- Modular: All the essential V-Ray knowledge is divided into modules to easily fit different types of curriculum.
- Easy to learn and use: Users have all materials in a ready to teach, learn and use format.
- Quality: Our curriculum has been developed with professionals and educators around the world to ensure we’re up to date with cutting edge trends in visualization.
- All training needs: Each lesson includes lectures, lesson plans, handouts, demonstration tutorials, scenes, assets, and practice assignments.
- Designed for adult learners: Based on the proven concept of learning cycles, which splits each lesson into lecture, demonstration and activity.
- Creative control: We’ve done all the hard work of creating a curriculum, so educators and users can focus on teaching, learning and artistry.
- The industry standard: Top studios around the world rely on V-Ray every day to visualize world-class products, buildings and visual effects. Students will learn industry standard skills to kick-start their careers.
The courseware is based on the concept of learning cycles, a proven method for teaching adults. This concept splits each topic into three distinct cycles:
- Lecture – This introduces the theory of the topic. This is the time to show imagery, discuss theories, make the connection between CG and the real world, and explain what settings do.
- Demonstration – Topics discussed in the lecture are put into action by the educator. It is important that students do not try to copy what is being shown so they can pay full attention to the demonstration and explanations.
- Activity – Students gain vital hands-on experience be reproducing what they have seen, and can do their own experiments. This cycle gives the students the chance to try out settings, solve problems, and ask questions.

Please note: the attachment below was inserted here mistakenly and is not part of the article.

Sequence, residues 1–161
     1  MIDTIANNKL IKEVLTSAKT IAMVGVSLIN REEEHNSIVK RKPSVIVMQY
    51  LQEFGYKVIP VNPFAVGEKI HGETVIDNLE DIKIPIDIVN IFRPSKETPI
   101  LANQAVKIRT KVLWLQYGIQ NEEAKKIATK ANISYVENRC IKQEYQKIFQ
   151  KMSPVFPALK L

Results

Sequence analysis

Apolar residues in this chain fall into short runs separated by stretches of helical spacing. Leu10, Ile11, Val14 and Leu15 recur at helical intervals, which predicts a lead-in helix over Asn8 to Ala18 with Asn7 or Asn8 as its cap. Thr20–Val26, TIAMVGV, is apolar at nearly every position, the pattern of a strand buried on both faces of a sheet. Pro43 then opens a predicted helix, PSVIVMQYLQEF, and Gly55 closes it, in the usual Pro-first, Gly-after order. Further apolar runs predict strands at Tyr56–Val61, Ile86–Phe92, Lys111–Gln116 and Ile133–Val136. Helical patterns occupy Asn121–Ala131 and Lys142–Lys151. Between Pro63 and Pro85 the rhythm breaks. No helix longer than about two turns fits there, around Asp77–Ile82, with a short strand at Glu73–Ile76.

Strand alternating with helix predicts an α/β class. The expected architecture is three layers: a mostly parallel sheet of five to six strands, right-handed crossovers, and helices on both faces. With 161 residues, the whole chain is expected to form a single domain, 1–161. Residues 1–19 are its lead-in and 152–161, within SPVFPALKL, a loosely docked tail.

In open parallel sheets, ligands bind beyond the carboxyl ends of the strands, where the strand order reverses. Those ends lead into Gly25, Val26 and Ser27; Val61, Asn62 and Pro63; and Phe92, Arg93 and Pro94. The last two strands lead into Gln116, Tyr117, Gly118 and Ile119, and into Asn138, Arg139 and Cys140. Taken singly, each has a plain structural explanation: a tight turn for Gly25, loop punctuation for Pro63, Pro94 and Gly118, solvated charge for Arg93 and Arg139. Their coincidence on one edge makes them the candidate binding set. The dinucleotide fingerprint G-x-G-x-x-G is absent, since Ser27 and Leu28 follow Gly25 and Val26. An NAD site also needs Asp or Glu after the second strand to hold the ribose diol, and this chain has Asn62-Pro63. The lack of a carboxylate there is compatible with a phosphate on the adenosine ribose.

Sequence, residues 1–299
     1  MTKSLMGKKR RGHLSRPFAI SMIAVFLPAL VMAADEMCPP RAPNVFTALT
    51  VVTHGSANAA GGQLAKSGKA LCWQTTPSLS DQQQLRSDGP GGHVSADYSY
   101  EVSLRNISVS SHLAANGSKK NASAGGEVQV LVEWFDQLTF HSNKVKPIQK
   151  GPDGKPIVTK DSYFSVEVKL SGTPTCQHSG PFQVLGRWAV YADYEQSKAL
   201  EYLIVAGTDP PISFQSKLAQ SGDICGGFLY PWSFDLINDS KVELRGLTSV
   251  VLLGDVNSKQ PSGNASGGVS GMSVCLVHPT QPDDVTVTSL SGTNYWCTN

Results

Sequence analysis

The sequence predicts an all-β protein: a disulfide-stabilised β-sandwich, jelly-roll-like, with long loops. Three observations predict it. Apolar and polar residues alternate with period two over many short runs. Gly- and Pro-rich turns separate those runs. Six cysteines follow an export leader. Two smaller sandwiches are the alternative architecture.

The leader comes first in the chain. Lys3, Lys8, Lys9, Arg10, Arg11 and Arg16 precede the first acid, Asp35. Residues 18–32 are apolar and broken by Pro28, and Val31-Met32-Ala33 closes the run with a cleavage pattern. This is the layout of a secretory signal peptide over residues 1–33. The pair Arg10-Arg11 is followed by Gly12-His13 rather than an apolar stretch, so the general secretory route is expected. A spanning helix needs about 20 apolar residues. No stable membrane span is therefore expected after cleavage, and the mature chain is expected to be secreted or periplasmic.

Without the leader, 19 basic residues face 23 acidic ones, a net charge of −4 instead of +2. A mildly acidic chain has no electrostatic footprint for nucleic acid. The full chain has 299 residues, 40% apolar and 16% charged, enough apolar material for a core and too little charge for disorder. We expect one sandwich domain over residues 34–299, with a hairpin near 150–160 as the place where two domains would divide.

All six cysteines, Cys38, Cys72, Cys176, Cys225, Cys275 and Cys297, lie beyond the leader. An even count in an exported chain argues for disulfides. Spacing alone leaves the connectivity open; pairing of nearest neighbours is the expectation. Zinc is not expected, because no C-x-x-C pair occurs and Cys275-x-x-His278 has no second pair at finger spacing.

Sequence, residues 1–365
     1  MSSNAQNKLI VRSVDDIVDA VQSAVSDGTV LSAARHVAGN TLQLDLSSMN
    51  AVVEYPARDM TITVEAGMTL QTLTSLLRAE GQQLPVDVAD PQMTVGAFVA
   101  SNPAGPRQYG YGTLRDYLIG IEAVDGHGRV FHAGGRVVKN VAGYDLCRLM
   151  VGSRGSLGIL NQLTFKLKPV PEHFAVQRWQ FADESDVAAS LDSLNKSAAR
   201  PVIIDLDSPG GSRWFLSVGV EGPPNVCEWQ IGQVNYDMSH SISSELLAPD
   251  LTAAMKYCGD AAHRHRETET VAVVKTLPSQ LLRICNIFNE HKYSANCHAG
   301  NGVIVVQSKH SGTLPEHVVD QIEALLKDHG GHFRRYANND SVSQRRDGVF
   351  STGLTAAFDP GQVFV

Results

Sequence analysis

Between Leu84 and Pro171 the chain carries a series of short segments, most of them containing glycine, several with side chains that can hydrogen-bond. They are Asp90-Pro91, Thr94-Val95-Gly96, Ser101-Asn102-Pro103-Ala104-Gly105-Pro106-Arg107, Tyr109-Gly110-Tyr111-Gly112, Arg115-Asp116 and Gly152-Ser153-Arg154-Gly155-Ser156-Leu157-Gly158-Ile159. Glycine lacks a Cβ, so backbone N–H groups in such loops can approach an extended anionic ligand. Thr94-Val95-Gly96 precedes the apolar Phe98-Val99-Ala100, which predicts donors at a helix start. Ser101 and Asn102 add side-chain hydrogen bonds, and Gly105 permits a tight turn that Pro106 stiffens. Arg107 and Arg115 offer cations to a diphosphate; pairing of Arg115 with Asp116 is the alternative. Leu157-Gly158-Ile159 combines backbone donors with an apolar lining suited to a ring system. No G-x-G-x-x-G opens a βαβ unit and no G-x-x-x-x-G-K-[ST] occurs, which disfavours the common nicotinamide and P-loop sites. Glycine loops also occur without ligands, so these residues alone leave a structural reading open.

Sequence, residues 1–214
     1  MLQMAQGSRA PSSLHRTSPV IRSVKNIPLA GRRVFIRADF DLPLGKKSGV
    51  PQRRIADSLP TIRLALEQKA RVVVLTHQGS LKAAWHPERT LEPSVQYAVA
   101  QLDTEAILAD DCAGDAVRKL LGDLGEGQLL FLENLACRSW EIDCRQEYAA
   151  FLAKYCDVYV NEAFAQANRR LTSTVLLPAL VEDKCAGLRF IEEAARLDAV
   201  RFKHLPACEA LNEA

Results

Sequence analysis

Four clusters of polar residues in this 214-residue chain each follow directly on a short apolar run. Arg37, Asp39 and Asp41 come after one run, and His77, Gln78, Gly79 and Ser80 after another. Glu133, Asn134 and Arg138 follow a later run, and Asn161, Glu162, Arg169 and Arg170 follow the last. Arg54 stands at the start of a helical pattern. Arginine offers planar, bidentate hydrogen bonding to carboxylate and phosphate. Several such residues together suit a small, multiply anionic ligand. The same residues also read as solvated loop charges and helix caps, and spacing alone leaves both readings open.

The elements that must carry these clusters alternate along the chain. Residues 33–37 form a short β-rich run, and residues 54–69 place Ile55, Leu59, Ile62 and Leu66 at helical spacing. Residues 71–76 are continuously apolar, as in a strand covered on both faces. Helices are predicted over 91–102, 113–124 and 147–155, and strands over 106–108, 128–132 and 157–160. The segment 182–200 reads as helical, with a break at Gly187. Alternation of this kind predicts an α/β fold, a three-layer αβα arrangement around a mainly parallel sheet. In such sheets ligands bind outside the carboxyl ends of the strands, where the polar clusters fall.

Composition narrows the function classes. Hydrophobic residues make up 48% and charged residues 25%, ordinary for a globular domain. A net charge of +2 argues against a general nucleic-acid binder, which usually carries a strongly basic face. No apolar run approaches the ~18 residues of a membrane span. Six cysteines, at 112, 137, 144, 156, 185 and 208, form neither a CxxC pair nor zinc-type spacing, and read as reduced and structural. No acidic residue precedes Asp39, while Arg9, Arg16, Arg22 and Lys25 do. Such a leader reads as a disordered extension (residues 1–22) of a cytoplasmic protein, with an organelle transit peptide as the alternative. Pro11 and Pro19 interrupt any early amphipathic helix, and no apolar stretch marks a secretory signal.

The courseware provides you with materials for each of the three cycles for every Topic:
- Lecture – This includes a PowerPoint presentation, and a sample lesson plan to help your preparations.
- Demonstration and Activity – We provide you with 3ds Max scenes, and Lesson guides. Lesson guides include a sample exercise sequence for the demonstration, and they can be distributed to students. The PowerPoint presentations and Lesson guides can be downloaded separately from the page for each lesson as well as in the Download section of this courseware.
Scenes and assets are packed into a project file. These must be downloaded together to ensure that all textures and other assets will load correctly.
Topics covered by the courseware
The lessons in this category provide an overview of V-Ray’s components, what they do, and where to find them in the interface.
- User Interface – A guide to the most commonly used V-Ray components
- Frame Buffer – What the V-Ray Frame Buffer is, and its most useful features
This section covers the two main rendering engines of V-Ray.
- V-Ray RT – How to use V-Ray RT as an ActiveShade renderer, and how to set it up to render animations.